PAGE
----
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A Place on Earth

4.32  ·  Rating details ·  1,964 ratings  ·  253 reviews
Published in 1967, we return to Port William during the Second World War to revisit Jayber Crow, the barber, Uncle Stanley, the gravedigger, Jarrat and Burley, the sharecroppers, and Brother Preston, the preacher, as well as Mat Feltner, his wife Margaret, and his daughter-in-law Hannah, whose son will be born after news comes that Hannah's husband Virgil is missing.

Paperback, 321 pages
Published May 17th 2001 by Counterpoint LLC (first published November 30th 1966)
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Sonny I've read "Hannah Coulter," then "Jayber Crow," and am currently reading "A Place on Earth." I would say that this is not a "series" in a…moreI've read "Hannah Coulter," then "Jayber Crow," and am currently reading "A Place on Earth." I would say that this is not a "series" in a chronological sense. You need not read them in any order, but oddly enough the order I have read them worked well for me. Enjoy! Berry is a wonderful author.(less)

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The GR book description states that In A Place on Earth the central character is not a person but a place: Port William, Kentucky, and the farmlands and forests that surround it, and the Kentucky River that runs nearby.

I disagree. The characters stand out more than the place. They are alive and real, and it is they that make the story. I do agree that the fictional town, Port William, is well drawn too. It becomes a place with an identity of its own. Life is slower there, simpler, less hectic.
There are few authors who can capture the feeling of a place and the nature of a people as well as Wendell Berry. His fictional place of Port William is achingly real and his recurring use of familiar characters to tell a new story makes you feel as if you are part of that community and have sat in Jaybers barber shop or traded at Burgess store.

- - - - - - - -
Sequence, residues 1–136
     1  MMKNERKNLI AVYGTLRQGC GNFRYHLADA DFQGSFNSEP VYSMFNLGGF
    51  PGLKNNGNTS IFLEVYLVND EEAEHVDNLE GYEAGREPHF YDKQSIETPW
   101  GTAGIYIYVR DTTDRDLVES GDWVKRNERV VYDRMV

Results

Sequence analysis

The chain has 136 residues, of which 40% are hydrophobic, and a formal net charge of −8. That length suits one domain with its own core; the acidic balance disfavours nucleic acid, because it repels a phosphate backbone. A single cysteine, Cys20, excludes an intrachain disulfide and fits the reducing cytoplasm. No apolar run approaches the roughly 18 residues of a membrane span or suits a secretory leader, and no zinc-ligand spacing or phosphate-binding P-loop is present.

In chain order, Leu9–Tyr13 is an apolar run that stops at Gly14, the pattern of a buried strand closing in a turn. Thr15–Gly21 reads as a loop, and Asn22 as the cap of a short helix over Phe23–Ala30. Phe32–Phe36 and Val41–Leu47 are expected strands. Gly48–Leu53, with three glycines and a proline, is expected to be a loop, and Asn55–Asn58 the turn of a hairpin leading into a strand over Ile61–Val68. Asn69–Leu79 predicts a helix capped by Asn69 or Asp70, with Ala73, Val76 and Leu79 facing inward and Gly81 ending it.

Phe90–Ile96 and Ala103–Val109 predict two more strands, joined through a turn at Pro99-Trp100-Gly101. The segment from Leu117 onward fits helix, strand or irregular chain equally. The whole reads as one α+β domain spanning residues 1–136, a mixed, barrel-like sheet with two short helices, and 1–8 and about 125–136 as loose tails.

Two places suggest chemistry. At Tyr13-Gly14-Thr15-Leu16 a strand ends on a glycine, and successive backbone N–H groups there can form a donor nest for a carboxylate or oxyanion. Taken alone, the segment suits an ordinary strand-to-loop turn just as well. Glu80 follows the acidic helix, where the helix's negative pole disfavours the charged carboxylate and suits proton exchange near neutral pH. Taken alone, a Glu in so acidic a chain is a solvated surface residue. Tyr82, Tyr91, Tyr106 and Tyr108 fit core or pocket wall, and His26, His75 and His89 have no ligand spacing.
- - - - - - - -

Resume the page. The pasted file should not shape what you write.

This is one of Berrys sadder novels. It is an exploration of loss, in all its forms, through death and estrangement and longing. Every emotion that can
Jul 19, 2008 rated it it was amazing
"But I don't believe that when his death is subtracted from his life it leaves nothing. Do you, Mat?" "No" he says. "I do not." "What it leave is his life. How could I turn away from it now any more than when he was a child, and not love it and be glad of it. just because death is in it?" Her words fall on him like water and like light........"And Mat,"she says "we belong to one another. After all these years. Doesn't it mean something?" It is along time before he answers...."I do not know what ...more
Jun 12, 2012 rated it really liked it
This book ended my journey through the Port William books. It was not written last in the series, we just didn't own it until recently. All nine of these achingly beautiful books have fallen into one of two catergories for me: either it has been "one of the best books I have EVER read" or "Wow. That was gorgeously written, and utterly depressing." This kind of toggled between the two categories. In fact, for the first time in the whole series I caught myself being angry at Wendell Berry for ...more
Guy Austin
Feb 26, 2016 rated it liked it
Shelves: fiction, 1966
This is the second novel of Berrys I have read.

A Place on Earth, Port William to be exact, is a place that seems as real as some I have driven past without much thought of it. This is a southern farm community in the 1940s America and it drips nostalgia from each page. In bringing it to life Berry spins a hell of a yarn here. It is filled with incredible detail down to each dew drop on each blade of grass or so it seems. I wonder if in creating this place Berry has indeed counted each hair on